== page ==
WASHINGTON, D.C. (6/10/13) – Shavar Davis, 30, of Denver, Colorado, has been sentenced to 10 years in federal prison for his involvement in a murder-for-hire and drug conspiracy, United States Attorney Kenneth Magidson announced today. Davis pleaded guilty in August 2012 to a superseding indictment which charged him with conspiracy to possess with intent to distribute cocaine and marijuana and conspiracy to commit murder-for-hire.
Today, Senior U.S. District Judge George P. Kazen handed Davis two concurrent 120-month terms of imprisonment.
According to the factual basis of his plea agreement, the investigation began in January 2011, when co-defendant Marcus Mickle began negotiations with persons whom he thought were members of the Los Zetas Cartel, actually undercover Drug Enforcement Administration (DEA) agents, to purchase marijuana in return for stolen weapons. The discussions concerned the distribution of marijuana in the Columbia, South Carolina area and how Mickle and another co-defendant Calvin Epps allegedly told undercover agents about a friend in the military who could provide military weapons to them. The agents were later introduced to co-defendant Kevin Corley who identified himself as an active duty officer in the Army responsible for training soldiers. According to the factual basis, Corley offered to provide tactical training for cartel members and to purchase weapons for the cartel.
The factual basis reads that over the next several months, Corley continued to communicate with undercover agents regarding the services he could provide the cartel as a result of the training, experience, and access to information/equipment afforded him as an active duty soldier.
On January 7, 2012, Corley traveled to Laredo and met with undercover agents. During this meeting, Corley stated he could raid a ranch located at or near Laredo containing 20 kilograms of cocaine and conduct a contract killing there. Corley proposed a $50,000 fee for this work but stated he would need to bring his own team. After further negotiation, Corley stated he would accept a $50,000 fee and five kilograms of cocaine.
During March 2012, Corley allegedly arranged for 300 pounds of marijuana to be delivered to Mario Corley in Charleston, South Carolina. He assisted in brokering 500 pounds of marijuana and five kilograms of cocaine for Mickle and Epps and discussed the distribution of these narcotics in South Carolina, Texas, and Colorado.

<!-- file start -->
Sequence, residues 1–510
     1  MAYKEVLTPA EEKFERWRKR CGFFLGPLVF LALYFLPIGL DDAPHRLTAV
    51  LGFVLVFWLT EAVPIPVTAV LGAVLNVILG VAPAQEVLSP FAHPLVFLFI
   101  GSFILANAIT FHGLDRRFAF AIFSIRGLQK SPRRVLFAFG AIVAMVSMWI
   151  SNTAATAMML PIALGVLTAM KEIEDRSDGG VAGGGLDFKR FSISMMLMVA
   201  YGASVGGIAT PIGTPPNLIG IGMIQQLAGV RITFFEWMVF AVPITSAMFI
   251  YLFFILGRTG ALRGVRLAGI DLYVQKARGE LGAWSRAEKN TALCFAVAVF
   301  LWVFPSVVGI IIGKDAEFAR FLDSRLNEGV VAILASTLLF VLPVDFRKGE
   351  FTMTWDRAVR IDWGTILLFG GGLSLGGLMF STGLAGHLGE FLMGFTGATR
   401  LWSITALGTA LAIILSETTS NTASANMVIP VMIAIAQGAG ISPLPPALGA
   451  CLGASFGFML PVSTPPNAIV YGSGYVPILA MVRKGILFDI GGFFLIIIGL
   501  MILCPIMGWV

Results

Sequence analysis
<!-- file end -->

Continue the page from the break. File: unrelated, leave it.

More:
On March 5, 2012, Kevin Corley delivered two AR-15 assault rifles with scopes, an airsoft assault rifle, five allegedly stolen ballistic vests, and other miscellaneous equipment to an undercover agent in Colorado Springs, Colorado, in exchange for $10,000. At the meeting, Kevin Corley and the undercover agent allegedly again discussed the contract killing and the retrieval of the cocaine which was to occur on March 24, 2012. Kevin Corley stated he had purchased a new Ka-Bar knife to carve a “Z” into the victim’s chest and was planning on buying a hatchet to dismember the body.
On March 24, 2012, Kevin Corley, Samuel Walker, and Shavar Davis traveled to Laredo and met with undercover agents, at which time they discussed the location of the intended victim, the logistics of performing the contract kill, and their respective roles. The three were arrested, during which time a fourth suspect was shot and killed. A subsequent search of the vehicle in which Corley and the other co-conspirators arrived revealed two semi-automatic rifles with scopes, one bolt-action rifle with a scope and bipod, one hatchet, one Ka-Bar knife, one bag of .223 caliber ammunition, and one box of .300 caliber ammunition.
Mickle is scheduled to be sentenced on June 14, 2013. Robert Corley, who pleaded guilty to the marijuana conspiracy, was previously sentenced to 30 months in prison. The remaining co-defendants are still pending sentencing to be set a later date.
The investigation leading to the charges was conducted by the DEA and the FBI with the assistance of U.S. Army Criminal Investigation Division. The case is being prosecuted by Assistant United States Attorneys Roberto Ramirez and Jody Young.
Information provided by the Federal Bureau of Investigation
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